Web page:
Commercial Litigation and Arbitration

Monetary Sanctions for Failure to Prepare 30(b)(6) Witness Properly

From Cherrington Asia Ltd. v. A&L Underground, Inc., 263 F.R.D. 653 (D. Kan. 2010):

One of the seminal cases regarding discovery sanctions in this district is Starlight International, Inc. v. Herlihy, 186 F.R.D. 626 (D. Kan. 1999), and 190 F.R.D. 587 (D. Kan. 1999).***

...Starlight stands for the proposition that producing an unprepared witness for a Rule 30(b)(6) deposition "is tantamount to a failure to appear at a deposition . . .," and therefore constitutes sanctionable conduct under Fed. R. Civ. P. 37(d)(1)(A). Starlight , 186 F.R.D. at 639, citing United States v. Taylor, 166 F.R.D. 356, 363 (M.D.N.C.), aff'd 166 F.R.D. 367 (1966). Therefore, if a Rule 30(b)(6) witness is not adequately prepared to testify about topics properly identified in a notice to take the deposition, the court may impose various types of sanctions, including the imposition of reasonable attorneys fees and expenses caused by the failure, unless the failure was "substantially justified." Fed. R. Civ. P. 37(d)(3). Those sanctions may be imposed on the party failing to act, the attorney advising the party, or both. Id. ***

After a review of all of the Rule 30(b)(6) testimony provided by the parties, the court concludes that A&L did not properly prepare its witnesses to testify about the topics designated in the deposition notices. Gilstrap's preparation was wholly inadequate to meet the duties of a Rule 30(b)(6) witness, and when considered in light of his February 16, 2006 email, suggests that he did not give proper attention to accumulation and production of documents in the first instance, and then followed up by failing to properly prepare to testify as a Rule 30(b)(6) witness. While Gowdy's testimony appears more forthcoming, it is apparent that there was no coordination within A&L as between the witnesses being presented in connection with the Rule 30(b)(6) deposition preparation.

As Judge Rushfelt noted in Starlight, foremost among the purposes of Rule 30(b)(6) is the intent to curb the "bandying" by which officers or managing agents of corporations are deposed in turn, but each disclaims knowledge of facts that are clearly known to person in the organization and thereby known to the corporation. 186 F.R.D. at 638, citing Rainey v. American Forest & Paper Ass'n, 26 F. Supp. 2d 82, 95 (D.D.C. (1998) (quoting Fed. R. Civ. P. 30(b)(6) advisory committee notes (1970 amend.)). To promote effective and efficient discovery regarding corporations, the spokesperson for the corporation must be informed. Rule 30(b)(6) implicitly requires the designated representative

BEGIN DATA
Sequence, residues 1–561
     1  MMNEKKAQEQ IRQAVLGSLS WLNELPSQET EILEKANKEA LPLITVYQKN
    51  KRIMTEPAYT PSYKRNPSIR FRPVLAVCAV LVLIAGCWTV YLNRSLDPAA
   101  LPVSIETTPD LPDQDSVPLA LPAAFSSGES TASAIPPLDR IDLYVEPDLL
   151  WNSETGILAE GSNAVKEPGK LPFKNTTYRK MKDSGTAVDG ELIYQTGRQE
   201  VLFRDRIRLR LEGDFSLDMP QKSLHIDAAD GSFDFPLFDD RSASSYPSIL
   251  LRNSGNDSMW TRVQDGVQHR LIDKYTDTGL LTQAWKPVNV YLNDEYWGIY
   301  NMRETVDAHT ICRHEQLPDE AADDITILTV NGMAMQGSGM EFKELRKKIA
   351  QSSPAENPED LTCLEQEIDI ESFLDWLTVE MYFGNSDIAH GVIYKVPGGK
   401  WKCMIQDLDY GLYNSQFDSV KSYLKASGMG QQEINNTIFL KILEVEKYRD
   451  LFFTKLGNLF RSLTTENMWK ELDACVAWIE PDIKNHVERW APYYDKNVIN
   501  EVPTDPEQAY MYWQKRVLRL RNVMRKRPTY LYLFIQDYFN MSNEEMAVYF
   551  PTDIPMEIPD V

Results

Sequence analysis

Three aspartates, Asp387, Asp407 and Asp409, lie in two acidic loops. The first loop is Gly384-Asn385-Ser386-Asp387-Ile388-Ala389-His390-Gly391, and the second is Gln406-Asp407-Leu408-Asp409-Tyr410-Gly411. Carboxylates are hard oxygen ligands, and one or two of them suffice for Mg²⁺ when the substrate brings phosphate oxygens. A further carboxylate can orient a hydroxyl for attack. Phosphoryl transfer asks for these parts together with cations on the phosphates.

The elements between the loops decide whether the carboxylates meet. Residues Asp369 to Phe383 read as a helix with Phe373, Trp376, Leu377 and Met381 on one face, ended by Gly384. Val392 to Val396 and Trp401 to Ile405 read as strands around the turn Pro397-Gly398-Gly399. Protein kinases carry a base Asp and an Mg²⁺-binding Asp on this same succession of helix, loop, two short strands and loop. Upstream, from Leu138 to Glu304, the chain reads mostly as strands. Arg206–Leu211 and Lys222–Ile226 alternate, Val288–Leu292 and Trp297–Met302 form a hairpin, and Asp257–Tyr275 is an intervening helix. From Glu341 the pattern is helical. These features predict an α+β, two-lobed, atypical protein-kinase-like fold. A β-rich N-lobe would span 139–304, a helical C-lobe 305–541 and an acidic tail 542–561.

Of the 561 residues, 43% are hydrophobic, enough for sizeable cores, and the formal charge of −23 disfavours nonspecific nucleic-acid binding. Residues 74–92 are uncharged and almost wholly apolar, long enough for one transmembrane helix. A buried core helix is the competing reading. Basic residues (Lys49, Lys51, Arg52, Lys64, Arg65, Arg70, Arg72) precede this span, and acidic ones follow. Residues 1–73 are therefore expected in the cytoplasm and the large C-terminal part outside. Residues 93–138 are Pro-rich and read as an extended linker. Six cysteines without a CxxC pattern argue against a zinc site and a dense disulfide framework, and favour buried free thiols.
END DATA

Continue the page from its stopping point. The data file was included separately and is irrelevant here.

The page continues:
to review all matters known or reasonably available to it in preparation for the Rule 30(b)(6) deposition. This interpretation is necessary in order to make the deposition a meaningful one and to prevent the sandbagging of an opponent by conducting a half-hearted inquiry before the deposition but a thorough and vigorous one before the trial. This would totally defeat the purpose of the discovery process. The Court understands that preparing for a Rule 30(b)(6) deposition can be burdensome. However, this is merely the result of the concomitant obligation from the privilege of being able to use the corporate [or other organizational] form in order to conduct business.

186 F.R.D. at 638, citing United States v. Taylor, 166 F.R.D. 356, 362 (M.D.N.C.), aff'd 166 F.R.D. 367 (1966).

Because the court concludes that A&L failed to properly prepare its Rule 30(b)(6) witnesses, this constitutes sanctionable conduct under Fed. R. Civ. P. 37(d)(1)(A).

[Footnote 11] The court is not unmindful of A&L's excuses for any problems concerning the Rule 30(b)(6) depositions including (1) the fact that Alex Lowe was the most knowledgeable about the Iraq project but had died before the scheduled deposition, (2) that A&L was a small company not organized like an IBM and with only a small staff, (3) that the project took place in a foreign country, and (4) that some of Plaintiffs' topics and/or document requests were "vague." The court has considered these arguments but finds that none of these circumstances justifies the lack of preparation described above. For example, had A&L needed additional time to prepare Rule 30(b)(6) witnesses after Alex Lowe's death, it could have requested a continuance, but it did not. And, if A&L really believed that any of the deposition topics in the notice failed to identify the proposed subjects of the Rule 30(b)(6) testimony with "reasonable particularity" as required by Rule 30(b)(6), it could have objected or sought a protective order, but it did not.

Share this article:


Recent Posts